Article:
For fans of: Bury Tomorrow, August Burns Red, Architects
‘A World On Fire’ by The Five Hundred is released on 30th July on Long Branch Records.
It’s a shame that the Tramp Stamps controversy will probably lead to greater scrutiny around non-male punk bands—which is a set of discourse that deserves far more space to be tackled than just a brief review segment—but it’s good that VIAL don’t seem to have fallen victim to that just yet. It’s probably because they feel more grassroots overall, where their pricklier, confrontational moments like Planet Drool and Mr Fuck You are more genuine rather than existing just to adhere to a marketing spreadsheet. There’s an air of necessity across Therapy Pt. II and Roadkill when it comes to biting back against the toxic masculinity that still runs rife within the industry and continues to treat bands like this as a novelty, and VIAL do a good job at getting their particular acrimony across, when Taylor Kraemer has such a tangible bite and gnash in their vocals. Of course, there’s also the more vulnerable moments like Violet and Vodka Lemonade which accentuate VIAL’s songwriting strength outside of flurries of anger, and where a line like “I’d disappoint my momma for you” in the former can encapsulate the layers of the queer experience that make it stand out so much.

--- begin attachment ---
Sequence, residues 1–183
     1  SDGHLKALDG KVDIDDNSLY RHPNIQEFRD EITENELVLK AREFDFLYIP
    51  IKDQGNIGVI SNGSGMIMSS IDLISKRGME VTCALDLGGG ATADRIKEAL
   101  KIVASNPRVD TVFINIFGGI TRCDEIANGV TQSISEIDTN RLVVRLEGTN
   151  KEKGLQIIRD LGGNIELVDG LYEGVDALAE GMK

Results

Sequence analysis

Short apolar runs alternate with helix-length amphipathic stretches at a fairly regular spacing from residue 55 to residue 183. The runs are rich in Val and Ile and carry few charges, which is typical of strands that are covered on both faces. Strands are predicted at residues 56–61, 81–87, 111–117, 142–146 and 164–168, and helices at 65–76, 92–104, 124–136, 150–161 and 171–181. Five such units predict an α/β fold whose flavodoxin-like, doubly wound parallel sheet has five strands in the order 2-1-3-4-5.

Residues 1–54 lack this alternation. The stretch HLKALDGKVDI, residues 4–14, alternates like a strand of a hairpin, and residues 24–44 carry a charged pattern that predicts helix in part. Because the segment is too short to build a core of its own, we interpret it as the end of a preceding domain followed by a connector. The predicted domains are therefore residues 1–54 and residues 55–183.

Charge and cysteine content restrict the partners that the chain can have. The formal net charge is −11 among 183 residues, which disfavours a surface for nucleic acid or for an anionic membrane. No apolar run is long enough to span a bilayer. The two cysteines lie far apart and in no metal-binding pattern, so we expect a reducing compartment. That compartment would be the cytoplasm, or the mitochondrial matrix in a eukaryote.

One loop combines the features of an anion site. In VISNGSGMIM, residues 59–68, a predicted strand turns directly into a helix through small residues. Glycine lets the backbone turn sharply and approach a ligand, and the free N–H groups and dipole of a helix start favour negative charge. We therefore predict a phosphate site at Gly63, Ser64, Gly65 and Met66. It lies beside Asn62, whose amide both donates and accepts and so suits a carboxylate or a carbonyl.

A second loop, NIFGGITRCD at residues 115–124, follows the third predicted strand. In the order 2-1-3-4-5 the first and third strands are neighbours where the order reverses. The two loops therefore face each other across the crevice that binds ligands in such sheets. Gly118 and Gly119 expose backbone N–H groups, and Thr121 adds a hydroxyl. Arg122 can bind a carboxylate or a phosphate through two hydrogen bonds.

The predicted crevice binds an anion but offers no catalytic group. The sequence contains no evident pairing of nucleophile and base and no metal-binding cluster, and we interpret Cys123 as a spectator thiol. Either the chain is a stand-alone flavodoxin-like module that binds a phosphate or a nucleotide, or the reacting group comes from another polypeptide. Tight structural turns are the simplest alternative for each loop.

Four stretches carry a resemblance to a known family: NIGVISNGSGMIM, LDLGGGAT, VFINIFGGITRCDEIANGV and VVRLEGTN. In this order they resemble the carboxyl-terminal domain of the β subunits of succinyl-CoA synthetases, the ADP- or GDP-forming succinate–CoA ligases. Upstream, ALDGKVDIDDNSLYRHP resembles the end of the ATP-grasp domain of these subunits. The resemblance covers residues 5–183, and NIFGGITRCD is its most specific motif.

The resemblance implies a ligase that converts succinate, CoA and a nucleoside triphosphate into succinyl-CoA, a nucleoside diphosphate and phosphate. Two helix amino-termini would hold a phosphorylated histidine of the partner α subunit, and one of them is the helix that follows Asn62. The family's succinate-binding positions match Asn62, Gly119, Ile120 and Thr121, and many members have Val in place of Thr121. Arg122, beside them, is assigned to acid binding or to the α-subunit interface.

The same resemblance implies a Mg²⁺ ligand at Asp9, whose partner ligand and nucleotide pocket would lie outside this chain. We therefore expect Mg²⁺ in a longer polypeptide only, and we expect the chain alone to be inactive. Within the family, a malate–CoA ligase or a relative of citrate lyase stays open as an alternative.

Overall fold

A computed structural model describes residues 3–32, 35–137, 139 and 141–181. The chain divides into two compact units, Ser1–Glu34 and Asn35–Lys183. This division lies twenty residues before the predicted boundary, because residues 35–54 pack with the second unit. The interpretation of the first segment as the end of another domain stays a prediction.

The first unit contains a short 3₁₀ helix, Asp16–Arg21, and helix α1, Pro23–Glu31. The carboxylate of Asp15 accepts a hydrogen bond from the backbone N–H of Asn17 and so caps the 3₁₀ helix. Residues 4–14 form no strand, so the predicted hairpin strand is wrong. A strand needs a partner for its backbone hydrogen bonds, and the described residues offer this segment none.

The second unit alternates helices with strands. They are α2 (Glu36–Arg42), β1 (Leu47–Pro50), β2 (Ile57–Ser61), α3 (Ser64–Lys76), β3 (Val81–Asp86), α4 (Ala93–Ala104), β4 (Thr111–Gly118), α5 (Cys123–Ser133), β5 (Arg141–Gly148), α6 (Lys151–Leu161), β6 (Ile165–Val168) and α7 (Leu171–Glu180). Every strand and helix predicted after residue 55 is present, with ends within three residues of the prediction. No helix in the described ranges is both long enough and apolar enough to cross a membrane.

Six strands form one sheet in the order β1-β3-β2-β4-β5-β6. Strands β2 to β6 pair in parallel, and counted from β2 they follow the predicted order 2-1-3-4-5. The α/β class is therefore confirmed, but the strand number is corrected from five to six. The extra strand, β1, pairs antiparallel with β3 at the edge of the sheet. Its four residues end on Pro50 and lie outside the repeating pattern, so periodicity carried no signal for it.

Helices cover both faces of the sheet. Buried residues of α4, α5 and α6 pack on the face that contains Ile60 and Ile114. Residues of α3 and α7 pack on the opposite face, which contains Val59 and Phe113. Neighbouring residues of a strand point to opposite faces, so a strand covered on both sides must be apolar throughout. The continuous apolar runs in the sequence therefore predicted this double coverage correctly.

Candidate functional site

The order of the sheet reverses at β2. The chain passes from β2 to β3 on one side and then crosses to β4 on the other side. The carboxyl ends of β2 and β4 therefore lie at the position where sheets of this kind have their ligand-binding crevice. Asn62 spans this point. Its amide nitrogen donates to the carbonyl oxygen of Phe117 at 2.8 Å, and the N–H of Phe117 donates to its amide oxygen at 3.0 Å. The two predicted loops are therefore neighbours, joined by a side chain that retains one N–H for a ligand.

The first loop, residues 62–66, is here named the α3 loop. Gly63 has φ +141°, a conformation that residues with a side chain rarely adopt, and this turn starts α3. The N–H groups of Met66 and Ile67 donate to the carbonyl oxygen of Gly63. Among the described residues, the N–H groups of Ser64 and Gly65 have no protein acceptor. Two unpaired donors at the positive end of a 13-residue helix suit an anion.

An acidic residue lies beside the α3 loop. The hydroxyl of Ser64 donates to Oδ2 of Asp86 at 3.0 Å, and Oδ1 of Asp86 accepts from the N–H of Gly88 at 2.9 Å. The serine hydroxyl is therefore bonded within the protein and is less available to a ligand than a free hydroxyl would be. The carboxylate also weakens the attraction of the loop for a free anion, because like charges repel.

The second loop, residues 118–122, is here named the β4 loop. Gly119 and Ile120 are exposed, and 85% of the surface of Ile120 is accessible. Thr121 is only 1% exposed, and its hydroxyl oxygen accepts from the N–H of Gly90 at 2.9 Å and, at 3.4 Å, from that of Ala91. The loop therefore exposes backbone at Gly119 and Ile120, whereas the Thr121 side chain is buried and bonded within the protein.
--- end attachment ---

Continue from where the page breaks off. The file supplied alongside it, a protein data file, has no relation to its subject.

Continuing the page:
On top of the brisk length that never outstays its welcome, there’s definitely an edge to Loudmouth that makes it stand out overall, where the style of the indie-punk sets a band like VIAL would typically run in appear more hard-edged and infused with something more traditionally punk. Swinging between the extremes can unravel what the album is going for slightly—just look at how Thumb and Piss Punk are right next to each other, yet are so hugely juxtaposed—but it’s never to the extent where it’s distracting or feels overly bitty. That’s down to how the production is locked into its organic tones that are liable to get a bit rougher and messier in some of punk-leaning cuts, but generally will trend in the same direction, if not outright take the same path. It’s hardly as if these are two diametric opposites being played with, and VIAL have the vigour and strength in their playing to hit the right notes throughout; even if it’s rarely transcendent, this is always enjoyable. If nothing else, it makes for a neat twist when so much indie-punk can be stuck in its ways, and the decision to avoid tweeness in really any form is a wise one. Overall then, a worthwhile listen; not one that’ll shift the paradigm but a worthwhile inclusion to its scene, especially at a time when that might be needed moving forward.